Some facts about Belgium
Population: 11.6 million | Surface area: 30,528 km² | Capital: Brussels
Government: Federal State, made up of:
- 3 Communities with different languages: the Flemish Community, the French-speaking Community and the German-speaking Community
- and 3 Regions: the Flemish Region, the Brussels Capital Region and the Walloon Region.
Belgium is also a constitutional monarchy.
Neighbouring countries: France, Germany, The Netherlands, Luxembourg.
EURAXESS – Researchers in Motion is an initiative of the European Research Area (ERA) that addresses barriers to the mobility of researchers and seeks to enhance their career development. This pan-European effort is currently supported by 41 countries. Here we focus on Belgium.
Belgium was created as an independent kingdom in 1830 but its history is much longer and has always been deeply involved in international relationships within and outside Europe. Located at the crossroads between the Latin and Germanic worlds, in the heart of Western Europe – its capital, Brussels, hosts the official seats of the European Institutions and is the home to many international businesses and organizations –, this multilingual and cosmopolitan country is well-known for its beers (around 1500 Belgian beer brands), its comics and its surrealist taste (the land of Magritte, Delvaux or Folon), but also for its first-class universities and its long-standing tradition of promoting scientific and technical research. Many Belgian scientists are involved in a wide range of international scientific programmes – for example in the fields of nuclear research at the European Organisation for Nuclear Research (CERN), research into space exploration, and environmental research at its Princess Elisabeth Station in Antarctica, but also in nanotechnology, biotechnology or vaccination research –, and are received into prestigious universities abroad, while Belgium welcomes various foreign students and researchers attracted by the high scientific level of its universities together with the quality of life in the country.
Several Belgian universities appear in the top 200 of international rankings. Recently, the Reuters ranking of Europe’s most innovative universities included 7 Belgian universities, and most of all it is topped by a Belgian university.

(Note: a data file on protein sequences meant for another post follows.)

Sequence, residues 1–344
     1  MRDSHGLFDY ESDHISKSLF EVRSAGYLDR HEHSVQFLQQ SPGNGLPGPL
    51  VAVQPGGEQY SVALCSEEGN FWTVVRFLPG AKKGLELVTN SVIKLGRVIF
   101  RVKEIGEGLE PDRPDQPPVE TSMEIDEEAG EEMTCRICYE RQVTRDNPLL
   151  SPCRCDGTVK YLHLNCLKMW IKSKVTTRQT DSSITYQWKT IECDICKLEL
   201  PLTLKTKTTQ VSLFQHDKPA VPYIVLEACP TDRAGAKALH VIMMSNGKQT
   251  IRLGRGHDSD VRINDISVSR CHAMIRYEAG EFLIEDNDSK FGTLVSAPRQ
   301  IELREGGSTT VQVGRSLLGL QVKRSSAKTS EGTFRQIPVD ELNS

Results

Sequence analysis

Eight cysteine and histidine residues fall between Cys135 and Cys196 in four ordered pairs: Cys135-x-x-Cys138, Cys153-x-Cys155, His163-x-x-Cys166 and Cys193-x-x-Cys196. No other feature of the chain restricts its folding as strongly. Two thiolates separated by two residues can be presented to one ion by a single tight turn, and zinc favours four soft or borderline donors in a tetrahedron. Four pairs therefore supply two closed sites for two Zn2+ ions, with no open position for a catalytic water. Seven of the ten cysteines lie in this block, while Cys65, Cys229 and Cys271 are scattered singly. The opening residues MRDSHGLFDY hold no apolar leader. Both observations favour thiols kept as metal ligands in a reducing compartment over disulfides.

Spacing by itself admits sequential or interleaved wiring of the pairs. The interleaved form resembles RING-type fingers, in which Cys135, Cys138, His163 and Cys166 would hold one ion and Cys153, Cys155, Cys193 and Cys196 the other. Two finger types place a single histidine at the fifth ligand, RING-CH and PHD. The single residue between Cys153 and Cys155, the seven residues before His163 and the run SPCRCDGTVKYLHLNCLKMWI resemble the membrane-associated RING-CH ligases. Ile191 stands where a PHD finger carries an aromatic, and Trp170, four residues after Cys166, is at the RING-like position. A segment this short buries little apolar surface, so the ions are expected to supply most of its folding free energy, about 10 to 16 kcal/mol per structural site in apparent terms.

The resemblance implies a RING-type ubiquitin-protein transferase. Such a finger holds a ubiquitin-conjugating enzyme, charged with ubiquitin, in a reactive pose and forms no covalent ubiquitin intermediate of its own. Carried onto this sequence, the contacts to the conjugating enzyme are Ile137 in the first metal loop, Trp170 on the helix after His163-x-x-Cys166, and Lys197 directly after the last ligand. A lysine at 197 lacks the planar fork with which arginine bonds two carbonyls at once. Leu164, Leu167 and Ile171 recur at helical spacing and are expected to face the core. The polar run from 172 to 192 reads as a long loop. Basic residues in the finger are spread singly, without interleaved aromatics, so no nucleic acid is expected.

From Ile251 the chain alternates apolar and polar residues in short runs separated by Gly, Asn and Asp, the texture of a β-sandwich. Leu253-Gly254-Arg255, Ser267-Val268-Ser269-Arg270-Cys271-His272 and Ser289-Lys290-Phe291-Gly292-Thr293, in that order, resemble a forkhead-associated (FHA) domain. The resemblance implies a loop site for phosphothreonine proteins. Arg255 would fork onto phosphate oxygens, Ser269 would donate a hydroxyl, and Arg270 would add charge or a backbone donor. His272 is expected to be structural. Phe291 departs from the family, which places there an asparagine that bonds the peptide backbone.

Research and Innovation landscape in Belgium
In Belgium, approximately 148,000 persons are employed in R&D, with nearly 92,000 of these working as researchers (2019 figures). More than half of the R&D personnel and of the researchers is to be found in the business sector (respectively 58% and 53%). Since 2019, the Belgian intra-muros R&D Expenditure (known as the R&D intensity) has reached the Lisbon target, with 3.17% of GDP, placing the country among the most active EU Member States with respect to innovation and R&D.
For up-to-date information and indicators on research and innovation in Belgium, as well as for a full overview of the Belgian research landscape, please refer to the website of the Monitoring and Evaluation of Research and Innovation (MERI). By publishing the most recent data and indicators, this department of BELSPO shows the complexity, but also the richness of the National R&I landscape.
In Belgium, universities and other higher education institutions are managed by the language communities:
- The Dutch-speaking universities and colleges, in Flanders and Brussels, are managed by the Flemish community.
- French-speaking universities and other higher education institutions, in Wallonia and Brussels, are managed by the French-Speaking Community (Wallonia Brussels Federation).
The only exception is the Royal Military Academy, located in Brussels, which is still a federal institution.
The Federal authority
With its 2,800 employees, and through its major research programmes, the Federal Science Policy department offers the government reliable, validated data, allowing it to take decisions with full knowledge of the facts in areas such as sustainable development, the fight against climate change, biodiversity, energy, health, mobility and the information society.
BELSPO also manages the Belgian contribution to the European Space Agency. Since Belgium is the fifth net contributor to the ESA, this participation is strategic for our country and crucial for our companies. At the same time, BELSPO offers R&D aid to companies with the desire to participate in various AIRBUS programmes.